Recently, on the border of Assam and Mizoram, there occurred a firing over a territory dispute, which again spotlighted the 150-year-old inter-state border issue in the North-East.

The distance of the boundary of Assam and Mizoram is 165 km long. This boundary is shared between the Assam districts – Karimganj, Cachar, and Hailakandi and Mizoram districts – Kolasib, Mamit and Aizawl. And, both states also share boundaries with Bangladesh.

The conflict between present-day Assam and Mizoram is traced from the colonial era when the British East India Company used to rule in India. By the British Raj, inner lines were demarcated according to their administrative needs.

Even when India got Independence in 1947, the issue was not able to be resolved completely, and both states have different perceptions over the border of their states.

In 1987, Mizoram got the status of an independent state, by the State of Mizoram Act,1986.

Assam got the status of a state in 1950 and also lost a lot of territory to the new states that emerged within its borders in the 1960s and 1970s.

The stems of the dispute can be seen from the notification of 1875, and this differentiated the Lushai hills of Mizoram and Cachar Plains of Assam, and another notification of 1933 demarcated the boundary between Lushai hills and Manipur.

So, here Mizoram believes that the demarcation should be done on the basis of notification of 1875 which is derived from Bengal Eastern Frontier Regulation(BEFR) Act, 1873, and have argued for the demarcation done by the notification of 1933 because they were not consulted for this demarcation.

The 1933 notification – demarcated Lushai Hills and Manipur, which begins from the tri-junction of Lushai Hills, Cachar district and Manipur.

But the Assam government follows the 1933 demarcation. This leads to the origin of conflict.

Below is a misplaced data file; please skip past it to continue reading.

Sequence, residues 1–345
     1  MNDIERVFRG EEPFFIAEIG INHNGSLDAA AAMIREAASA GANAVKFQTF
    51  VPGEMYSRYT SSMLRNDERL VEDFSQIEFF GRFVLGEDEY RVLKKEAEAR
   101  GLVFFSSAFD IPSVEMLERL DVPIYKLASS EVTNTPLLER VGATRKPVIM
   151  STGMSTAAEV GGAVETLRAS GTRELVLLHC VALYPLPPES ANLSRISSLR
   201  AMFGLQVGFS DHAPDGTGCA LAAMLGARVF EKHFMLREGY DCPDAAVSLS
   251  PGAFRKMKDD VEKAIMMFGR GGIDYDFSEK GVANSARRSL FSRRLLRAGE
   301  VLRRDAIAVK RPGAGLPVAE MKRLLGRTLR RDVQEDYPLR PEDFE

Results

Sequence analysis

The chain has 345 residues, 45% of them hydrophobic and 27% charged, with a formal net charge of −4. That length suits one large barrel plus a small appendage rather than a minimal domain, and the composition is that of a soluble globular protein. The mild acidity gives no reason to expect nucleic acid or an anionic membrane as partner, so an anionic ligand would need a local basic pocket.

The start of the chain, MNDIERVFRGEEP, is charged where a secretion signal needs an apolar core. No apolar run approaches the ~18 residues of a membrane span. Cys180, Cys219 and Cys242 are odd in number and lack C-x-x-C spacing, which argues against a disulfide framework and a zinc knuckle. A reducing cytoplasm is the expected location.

According to an agreement between the governments of Assam and Mizoram, the status quo should be maintained in no man’s land in the border area.

Status quo means the existing state or the present state.

No man’s land means the border area of land between the border of two states or countries which is not owned by anyone.

When the British Company was ruling in India, Assam included present-day Nagaland, Arunachal Pradesh and Meghalaya. And, as time passes, all of them become separate states, and Assam has boundary conflicts with all of them.

Nagaland and Assam share a large boundary which is 500 km.
There have been several violent clashes and armed conflicts, several kills since 1965.
Nagaland got the status of State in 1963.
This conflict is pending in the Supreme Court.

Arunachal Pradesh and Assam share a boundary of over 800 km.
It got the status of a state in 1987 by the State of Arunachal Act, 1986.
The first clash between the states was seen in 1992.
This dispute is also being heard by the Supreme Court.

Assam and Meghalaya share the largest boundary among all the state boundaries which is 884 km.
Meghalaya got the status of a state in 1972.
As per the Meghalaya government, till today there are 12 areas of dispute between the states.


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